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Sick opens up its Hiperface DSL servodrive technology

The German sensor-maker Sick is opening up its single-cable Hiperface DSL (Digital-Servo-Link) motor feedback technology for use by any servodrive or motor manufacturer.  Since its launch in 2011, the technology has been adopted by more than 40 manufacturers, including ABB, Baumüller, Beckhoff, B&R, Kollmorgen, Lafert, LTI, Moog, NUM, Parker, Sigmatek, Stöber, and WEG.

Push-in busbar clamp challenges traditional connections

Rittal has invented a new method for connecting wires and cables to copper busbars which, it claims, is the fastest way of making such connections easily and securely. It adds that the technology will reduce the possibility of defects such as incorrect compression and clamp loosening, while its maintenance-free design should be more reliable and will cut maintenance costs.

IoT platform allows manufacturers to create their own apps

A US company has developed an IoT-enabled software platform that allows engineers to create shop-floor apps that connect workers, machines and IT systems.

AI machine control algorithm slashes set-up times

Mitsubishi Electric has announced a deep-reinforcement algorithm for artificial-intelligence (AI) based control of machinery that, it says, needs just one-fiftieth of the number of trials needed to set up conventional AI-based controls. The new algorithm will allow smart equipment such as industrial robots and vehicles to use sensors and cameras to learn rapidly about their environments to allow finely-tuned AI-based control.

Hygienic IP69K transport system opens up applications

At the Hannover Fair, Beckhoff unveiled a stainless-steel version of its XTS (eXtended Transport System) which, it predicts, will open up many new applications, especially in the food and pharmaceutical sector, and for processing and filling liquids. On its stand, Beckhoff was demonstrating how the IP69K-protected Hygienic Design version of XTS can even operate under a continuous water spray.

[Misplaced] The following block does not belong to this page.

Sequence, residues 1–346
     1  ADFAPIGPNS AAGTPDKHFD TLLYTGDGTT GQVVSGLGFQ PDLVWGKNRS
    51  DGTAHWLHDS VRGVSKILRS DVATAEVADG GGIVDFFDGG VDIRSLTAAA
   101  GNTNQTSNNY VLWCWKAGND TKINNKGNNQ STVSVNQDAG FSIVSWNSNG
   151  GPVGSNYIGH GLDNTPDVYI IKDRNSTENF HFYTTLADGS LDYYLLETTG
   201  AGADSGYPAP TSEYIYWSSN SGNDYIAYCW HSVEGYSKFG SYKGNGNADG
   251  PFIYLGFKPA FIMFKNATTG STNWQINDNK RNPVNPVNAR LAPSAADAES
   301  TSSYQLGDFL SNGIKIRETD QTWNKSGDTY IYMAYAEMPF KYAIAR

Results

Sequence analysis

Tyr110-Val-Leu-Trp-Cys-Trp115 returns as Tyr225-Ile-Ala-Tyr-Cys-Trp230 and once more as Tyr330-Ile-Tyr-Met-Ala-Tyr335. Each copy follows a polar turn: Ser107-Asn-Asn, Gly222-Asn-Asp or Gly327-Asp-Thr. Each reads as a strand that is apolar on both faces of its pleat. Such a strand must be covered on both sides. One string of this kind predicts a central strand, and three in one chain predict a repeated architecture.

Cyber-attack detection protects real-time controls

Mitsubishi Electric says it has developed a technology for detecting cyber-attacks against critical control systems which can identify network traffic that deviates from normal commands. The technology detects cyber-attacks disguised as commands for critical infrastructure – such as electricity, gas, water and petrochemical installations – without affecting real-time control capabilities. The Japanese company says that this will help to ensure that the operation of such infrastructure remains stable.

Gear-free actuators could revolutionise robot designs

A Canadian company has developed a gearless, high-torque rotary actuator which, it claims, out-performs traditional gear-based actuators in many ways, while potentially being much cheaper. Genesis Robotics has invested C$28m (US$20.4m / £15.8m) in developing its LiveDrive technology, which it is aiming principally at robotics applications – it believes that the backlash-free technology could revolutionise the design of robotic arms, and halve their costs. The company adds that the lightweight, direct-drive actuators could have many other applications, ranging from prosthetics to vehicles.

IO-Link spawns a safety version